(snipped) > at first he thought that the all American > classmates are very smart because they are able to ask so many > questions in the classroom, after a while that his English verbal > comprehension improved and know exactly what the questions were asked > in the classroom, he felt that most of his classmates were very > stupid. (snipped)
As a fourth grade classroom teacher, I am constantly dealing with this issue. When is a question worth asking, and when is it just a distractor? Students have learned at a very early age to ask questions such as "Do we really have to do this?" "Can you tell me what to do?" "What are we going to do after this?" etc. without taking a moment to stop and think first. I am constantly saying to students after a question -- I am going to give you a few minutes to think about that and if you still want me to answer I will speak with you privately about it. , How does that question relate to the topic at hand? Or, How will that question, if answered, increase your understanding of the issues we are dealing with?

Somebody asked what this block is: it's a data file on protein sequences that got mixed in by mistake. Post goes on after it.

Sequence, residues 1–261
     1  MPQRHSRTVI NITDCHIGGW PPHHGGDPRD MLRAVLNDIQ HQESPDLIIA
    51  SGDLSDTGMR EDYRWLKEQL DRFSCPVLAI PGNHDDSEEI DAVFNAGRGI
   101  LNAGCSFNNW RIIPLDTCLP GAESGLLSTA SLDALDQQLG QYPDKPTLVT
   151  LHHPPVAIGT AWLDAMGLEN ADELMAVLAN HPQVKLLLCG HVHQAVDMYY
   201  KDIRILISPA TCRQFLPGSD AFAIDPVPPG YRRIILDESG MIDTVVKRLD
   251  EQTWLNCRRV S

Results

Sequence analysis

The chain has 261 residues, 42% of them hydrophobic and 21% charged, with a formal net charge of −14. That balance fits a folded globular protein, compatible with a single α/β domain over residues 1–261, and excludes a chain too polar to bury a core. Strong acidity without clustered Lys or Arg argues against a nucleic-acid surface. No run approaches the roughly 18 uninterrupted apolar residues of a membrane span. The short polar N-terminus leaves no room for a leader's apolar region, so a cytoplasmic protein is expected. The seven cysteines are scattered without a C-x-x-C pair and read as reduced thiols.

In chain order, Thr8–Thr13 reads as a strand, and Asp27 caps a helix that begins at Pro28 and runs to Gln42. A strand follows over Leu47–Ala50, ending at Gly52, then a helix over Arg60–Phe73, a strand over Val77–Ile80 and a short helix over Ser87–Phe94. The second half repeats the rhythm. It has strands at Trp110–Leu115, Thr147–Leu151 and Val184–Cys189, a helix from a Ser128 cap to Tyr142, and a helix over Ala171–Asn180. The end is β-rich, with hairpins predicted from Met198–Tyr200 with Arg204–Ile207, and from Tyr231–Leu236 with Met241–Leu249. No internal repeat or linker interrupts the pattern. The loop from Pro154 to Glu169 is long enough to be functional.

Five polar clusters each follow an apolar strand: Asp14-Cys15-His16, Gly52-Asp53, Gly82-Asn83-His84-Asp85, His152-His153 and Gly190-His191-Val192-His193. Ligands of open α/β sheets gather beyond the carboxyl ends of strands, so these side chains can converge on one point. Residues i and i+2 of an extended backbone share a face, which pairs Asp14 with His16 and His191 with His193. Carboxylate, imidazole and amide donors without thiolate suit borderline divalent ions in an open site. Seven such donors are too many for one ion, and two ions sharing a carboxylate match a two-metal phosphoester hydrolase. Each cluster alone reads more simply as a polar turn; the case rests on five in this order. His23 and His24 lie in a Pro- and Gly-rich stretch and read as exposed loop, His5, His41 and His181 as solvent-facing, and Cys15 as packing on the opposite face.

It takes a lot of effort to get students out of the habit of asking absurd or irrelevant questions just to waste time and hear themselves talk.
Some students appear to believe that ANY question is worthy of time regardless of whether it is related to the topic or not.
I agree with Chi-Tien, that students must learn to ask thoughtful questions, not just ask questions for the sake of asking. Question posing is an art that both teachers and students must become more skilled at.